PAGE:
Later, when the prosecutor was questioning Dr. Logan about the police reports involving Albright's apartment manager in 1997, defense counsel again objected. Her objection was to the form of the question, to foundation, and to the details of police reports not being linked to Dr. Logan's conclusions and diagnosis. The district court required the prosecutor to ask Dr. Logan about the specific report and whether he had relied upon it in drawing any of his conclusions.
After further questioning of Dr. Logan about the incidents involving the apartment manager, Albright's counsel objected again, asserting that the prosecutor was "failing to relate this in any way to the mental examination" and was "attempting to use some 60-455 way to approach every bad act that's in the reports . . . ." At a bench conference, the district court said it looked like the prosecutor was "just doing a character assassination of bad acts" and expressed concern that "the prejudicial effect is outweighing the probative value." The prosecutor argued that the prior bad acts related to Albright's "prior state of mind." She noted that Dr. Logan claimed that Albright was delusional at the time of the murder. She thought the incidents were relevant to show that Albright could act intentionally just like the day of the murder. The prosecutor argued that the facts relied upon by Dr. Logan could be interpreted differently.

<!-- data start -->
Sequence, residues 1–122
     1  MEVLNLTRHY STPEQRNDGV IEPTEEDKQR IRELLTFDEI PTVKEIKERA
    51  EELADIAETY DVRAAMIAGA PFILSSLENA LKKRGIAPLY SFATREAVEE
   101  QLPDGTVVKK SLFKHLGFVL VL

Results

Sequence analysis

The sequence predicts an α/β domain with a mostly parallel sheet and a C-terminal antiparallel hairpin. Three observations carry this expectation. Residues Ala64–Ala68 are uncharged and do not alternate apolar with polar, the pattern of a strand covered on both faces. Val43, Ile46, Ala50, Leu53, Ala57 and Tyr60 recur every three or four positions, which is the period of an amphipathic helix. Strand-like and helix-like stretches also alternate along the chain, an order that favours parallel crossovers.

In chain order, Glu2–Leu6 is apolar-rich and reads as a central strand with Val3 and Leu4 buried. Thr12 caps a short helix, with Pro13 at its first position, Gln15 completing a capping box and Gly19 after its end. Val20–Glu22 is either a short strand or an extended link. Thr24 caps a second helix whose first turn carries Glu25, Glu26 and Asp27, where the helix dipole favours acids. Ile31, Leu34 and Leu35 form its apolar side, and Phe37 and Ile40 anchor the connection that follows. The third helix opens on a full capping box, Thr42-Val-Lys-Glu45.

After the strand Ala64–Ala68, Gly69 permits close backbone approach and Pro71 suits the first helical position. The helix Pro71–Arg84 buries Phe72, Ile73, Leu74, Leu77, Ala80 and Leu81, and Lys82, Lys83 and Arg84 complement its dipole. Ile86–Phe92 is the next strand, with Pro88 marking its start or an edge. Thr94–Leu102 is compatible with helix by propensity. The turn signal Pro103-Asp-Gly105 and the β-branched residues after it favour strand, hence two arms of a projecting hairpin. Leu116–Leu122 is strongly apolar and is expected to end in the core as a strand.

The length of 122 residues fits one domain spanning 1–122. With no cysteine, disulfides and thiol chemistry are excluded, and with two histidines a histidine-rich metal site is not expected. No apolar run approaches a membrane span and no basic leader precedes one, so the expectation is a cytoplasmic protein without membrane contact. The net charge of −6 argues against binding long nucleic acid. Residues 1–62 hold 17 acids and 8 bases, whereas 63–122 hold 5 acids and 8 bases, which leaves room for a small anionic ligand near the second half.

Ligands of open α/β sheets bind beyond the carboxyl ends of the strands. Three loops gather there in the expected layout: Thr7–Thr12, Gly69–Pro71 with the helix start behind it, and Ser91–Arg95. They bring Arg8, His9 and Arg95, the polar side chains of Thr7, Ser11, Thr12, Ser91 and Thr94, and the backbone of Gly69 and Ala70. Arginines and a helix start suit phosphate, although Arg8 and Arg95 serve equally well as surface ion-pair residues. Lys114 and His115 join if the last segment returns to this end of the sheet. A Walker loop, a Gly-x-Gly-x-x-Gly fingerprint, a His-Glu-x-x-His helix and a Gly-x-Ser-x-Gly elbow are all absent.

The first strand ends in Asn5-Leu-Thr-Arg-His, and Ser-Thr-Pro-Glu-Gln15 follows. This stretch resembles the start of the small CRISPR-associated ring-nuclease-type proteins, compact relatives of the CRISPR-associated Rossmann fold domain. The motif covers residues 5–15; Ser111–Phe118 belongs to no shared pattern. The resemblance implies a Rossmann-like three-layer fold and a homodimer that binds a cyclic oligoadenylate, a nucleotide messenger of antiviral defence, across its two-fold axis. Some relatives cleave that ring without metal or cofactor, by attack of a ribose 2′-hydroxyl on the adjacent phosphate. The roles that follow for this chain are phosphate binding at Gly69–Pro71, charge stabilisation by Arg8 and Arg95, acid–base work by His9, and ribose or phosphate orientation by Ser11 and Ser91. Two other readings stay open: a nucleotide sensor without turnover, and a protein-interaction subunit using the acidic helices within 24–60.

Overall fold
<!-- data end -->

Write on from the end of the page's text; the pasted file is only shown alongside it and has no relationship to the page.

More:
An argument followed regarding K.S.A. 60-455. The district judge said he would have to give a limiting instruction on how the jury "can't consider that evidence of other bad acts and crimes." The prosecutor said she did not want to offer the evidence under K.S.A. 60-455; rather, the specific acts were used to test Dr. Logan's credibility and to show the jury the underlying facts upon which his opinion was based. The State did not file a pretrial K.S.A. 60-455 motion for the admission of such evidence. The district court commented that the prosecutor was "kind of shotgunning it" and told her to refer the doctor to the specific report and to ask him if he remembered it and if he used it to arrive at his opinions. If he did, then she could cross-examine the doctor about the report.
The defense requested PIK Crim. 3d 52.06 (proof of other crimelimited admissibility of evidence). At the instructions conference, Albright's counsel said that she thought the parties were "in agreement regarding the 60-455 instructions, that the other bad acts goes to intent." The district court gave the following jury instruction, in accordance with PIK Crim. 3d 52.06: